Will the World Really End on Dec. 21?
And if the end of the Maya's 'long count' calendar comes—how are you preparing for it?
According to some, the world will end Friday, in their reading of ancient Mayan calendars. But those calendars are silent on how the end will come about—and at what time.
Before Europeans came to the New World, indigenous tribes used a calendar system now called the Mesoamerican Long Count, which predicts an apocalyptal event on Dec. 21, 2012, an event interpreted in some circles to mean the end of the world.
And with less than one week to go, everyone from radio DJs to NASA is getting in on the action. The agency created a page on its website devoted to debunking the myth—not least because the Mayans never predicted any such thing. The date is simply the end of one time period that simply starts over.
“Our planet has been getting along just fine for more than 4 billion years, and credible scientists worldwide know of no threat associated with 2012,” NASA wrote.
Experts on the matter say we've got nothing to worry about. According to an article on nbcnews.com, "Experts estimate the system starts counting at 3114 B.C., and will have run through 13 baktuns, or 5,125 years, around Dec. 21. Experts say 13 was a significant number for the Maya, and the end of that cycle would be a milestone — but not an end."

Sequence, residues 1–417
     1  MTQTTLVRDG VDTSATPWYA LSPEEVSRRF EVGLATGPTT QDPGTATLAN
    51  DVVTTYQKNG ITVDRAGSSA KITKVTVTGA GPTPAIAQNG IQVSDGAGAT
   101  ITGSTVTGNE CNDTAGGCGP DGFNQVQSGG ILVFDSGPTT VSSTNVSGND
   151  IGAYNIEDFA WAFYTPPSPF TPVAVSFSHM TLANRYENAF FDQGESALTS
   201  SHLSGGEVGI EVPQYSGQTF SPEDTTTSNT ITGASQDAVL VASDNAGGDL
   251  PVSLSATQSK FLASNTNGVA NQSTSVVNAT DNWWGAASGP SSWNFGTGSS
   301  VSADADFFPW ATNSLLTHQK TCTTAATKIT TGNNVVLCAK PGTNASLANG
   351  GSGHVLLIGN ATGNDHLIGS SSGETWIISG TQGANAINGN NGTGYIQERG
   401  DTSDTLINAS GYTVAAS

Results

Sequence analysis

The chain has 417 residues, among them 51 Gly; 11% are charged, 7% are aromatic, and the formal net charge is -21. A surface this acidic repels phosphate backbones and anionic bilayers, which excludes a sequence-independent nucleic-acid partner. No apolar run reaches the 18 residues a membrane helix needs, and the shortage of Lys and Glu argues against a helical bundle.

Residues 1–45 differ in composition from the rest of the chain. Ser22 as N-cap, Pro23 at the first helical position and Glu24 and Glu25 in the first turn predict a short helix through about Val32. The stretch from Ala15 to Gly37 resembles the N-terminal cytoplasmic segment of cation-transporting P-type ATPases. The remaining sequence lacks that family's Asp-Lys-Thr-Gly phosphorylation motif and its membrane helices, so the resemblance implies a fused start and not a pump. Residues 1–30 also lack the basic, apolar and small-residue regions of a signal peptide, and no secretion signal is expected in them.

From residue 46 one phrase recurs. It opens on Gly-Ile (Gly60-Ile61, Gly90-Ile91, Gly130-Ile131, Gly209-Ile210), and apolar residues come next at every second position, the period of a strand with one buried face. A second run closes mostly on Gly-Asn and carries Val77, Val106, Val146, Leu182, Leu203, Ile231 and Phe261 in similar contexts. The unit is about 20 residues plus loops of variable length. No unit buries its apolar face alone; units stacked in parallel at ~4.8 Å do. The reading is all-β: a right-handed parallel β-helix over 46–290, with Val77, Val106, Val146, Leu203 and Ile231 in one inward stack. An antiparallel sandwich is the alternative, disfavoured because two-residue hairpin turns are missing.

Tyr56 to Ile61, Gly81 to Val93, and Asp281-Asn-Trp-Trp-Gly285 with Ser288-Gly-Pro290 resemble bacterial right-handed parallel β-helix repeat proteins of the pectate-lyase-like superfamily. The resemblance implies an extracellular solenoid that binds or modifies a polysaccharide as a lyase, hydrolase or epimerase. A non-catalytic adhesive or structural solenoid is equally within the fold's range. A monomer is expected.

There have been several predictions of the end of the world, including the May 21, 2011 biblical prediction by then 89-year-old old "minister" Howard Camping. At that time, Patch columnist Ben Cathey made his own prediction that it would not come to pass. Indeed he was right. On May 22, 2011, the sun rose just as surely as it had the day before.
So what do you think about the predictions of the world ending on Dec. 21, 2012? Will you crank up REM and plan an "End of the World celebration," just in case?
Tell us in the comments box below—and take our poll on how the end will come about.